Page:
The economic value of the campground was also brought into question. “If you take 105 campsites and you multiply them times $3,700 – which is what we charge – it’s $388,500,” said Councilman White. “That’s how much we could – or should – get from that campground. There isn’t any doubt that this town for many, many decades ... has enjoyed the benefits of having $400,000 in income.”
The income gained from the campground is placed into the town’s general fund.
Townspeople also questioned whether guests of the campground were supporting local businesses, or if they were bringing in supplies from off the island.
Councilman Bill Murphy said he spoke with a few business owners and they were “afraid” to come to the council meeting because of the backlash they might receive from residents if they spoke on behalf of the campers. “They know they get the campers,” Murphy said. “I know that.”
Councilman Bob Bowen said he is in favor of keeping the RV park, ostensibly at the same capacity it is now. “I think decisions made about what we do or how much of an RV park we have should be targeted towards how much space we want to allocate to that park. I’m in a position where we should be doing the upgrades to the campground and thinking out a 20-year plan for this.”
Bowen, along with White, Murphy and Town Council President Michael Schnack, all spoke about the idea of redesigning the current layout of the campground, a layout which they acknowledged was not being followed accordingly by campers. Schnack brought a detailed picture of changes he would like to see, including upgrades to bathroom facilities and improvements around the boat ramp.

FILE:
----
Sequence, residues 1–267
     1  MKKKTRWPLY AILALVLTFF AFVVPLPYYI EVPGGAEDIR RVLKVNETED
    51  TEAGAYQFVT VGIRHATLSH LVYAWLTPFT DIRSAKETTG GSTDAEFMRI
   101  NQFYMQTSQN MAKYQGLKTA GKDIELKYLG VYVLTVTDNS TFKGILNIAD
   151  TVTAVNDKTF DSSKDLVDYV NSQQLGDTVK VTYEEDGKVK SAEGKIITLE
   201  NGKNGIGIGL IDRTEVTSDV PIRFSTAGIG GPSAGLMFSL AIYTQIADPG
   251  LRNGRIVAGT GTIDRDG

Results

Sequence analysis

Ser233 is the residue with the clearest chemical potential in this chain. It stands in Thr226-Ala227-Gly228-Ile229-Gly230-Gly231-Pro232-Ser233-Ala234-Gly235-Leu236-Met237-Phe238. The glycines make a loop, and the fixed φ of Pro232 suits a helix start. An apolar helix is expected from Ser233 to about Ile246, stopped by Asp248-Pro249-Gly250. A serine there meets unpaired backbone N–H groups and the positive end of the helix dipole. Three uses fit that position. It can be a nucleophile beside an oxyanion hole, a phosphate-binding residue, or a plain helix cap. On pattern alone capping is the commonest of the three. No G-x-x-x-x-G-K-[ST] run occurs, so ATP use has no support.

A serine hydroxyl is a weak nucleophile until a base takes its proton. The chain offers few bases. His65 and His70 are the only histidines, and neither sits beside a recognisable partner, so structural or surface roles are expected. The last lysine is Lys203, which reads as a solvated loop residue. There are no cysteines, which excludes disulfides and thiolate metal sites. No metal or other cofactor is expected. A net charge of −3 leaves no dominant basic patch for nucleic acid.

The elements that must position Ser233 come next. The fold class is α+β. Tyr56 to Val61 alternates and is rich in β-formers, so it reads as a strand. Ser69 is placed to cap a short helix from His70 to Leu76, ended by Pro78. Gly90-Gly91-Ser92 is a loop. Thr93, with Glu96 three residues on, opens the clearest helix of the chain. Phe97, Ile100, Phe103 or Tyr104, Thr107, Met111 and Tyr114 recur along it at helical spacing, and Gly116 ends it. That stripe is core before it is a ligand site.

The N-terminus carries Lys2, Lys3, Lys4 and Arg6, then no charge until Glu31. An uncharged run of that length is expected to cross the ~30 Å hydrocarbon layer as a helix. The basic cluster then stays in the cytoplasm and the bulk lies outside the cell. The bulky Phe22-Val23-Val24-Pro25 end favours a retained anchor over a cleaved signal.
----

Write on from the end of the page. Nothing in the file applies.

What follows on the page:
“The campground seems like it’s the exclusive use of the campers, which, if you walk up there now, it pretty much is,” Schnack said. “They have vehicles, toys, tchotchkes – everything just spread out all over the park.”
He also noted that campers do not park according to the grid pattern in the layout. “Over the years, what we’ve done is just said, ‘Yeah, go up there and park your trailer wherever you want and we’ll fill in the blanks later.’ That’s how this park really developed. I think it’s wrong and it feels like it’s not open to Jamestowners.”
Schnack continued: “Over time people have just decided that they need to build decks as big as their campers. I’ve never seen a campground like this in my life – these are summer residents. I don’t have a problem with summer residents, but I have a problem with all of this stuff that’s built up there and the congestion.”
In the former master plan, there was a suggestion for a park manager. “When I go up there, I see a lot of people that are not following the rules even after we went forward and rewrote them and made sure they were really clear,” said Bowen. “They’re still not following the rules. You can’t make rules and then not police them.”
Murphy added that the town should tighten up the rules. “Most of the places I’ve researched, there is somewhat of a ranger system. I do know that up there at Fort Getty on the weekends there is no staff other than the gate person.”
Discussion took place about whether this responsibility fell on the recreation director, or whether a new position should be created.
“In order to improve the park, a reconfiguration needs to be made,” said Town Administrator Bruce Keiser. “The layout and the infrastructure, currently, is what causes the sprawl. There was never any master plan to begin with, as a normal RV park or trailer park would be created using. This happened historically over time, and one trailer was just added after another.”
Keiser continued: “Decks and so forth can be cut back and parking can be addressed, although we need to find where that parking is going to be, but the key issue is going to be – and everybody in their comments has mentioned this – is how many trailers and where they are going to be laid out in order to create the space that we need to provide the supporting and ancillary services.”
Fort Getty was placed on the agenda for the next Town Council meeting on Aug. 1.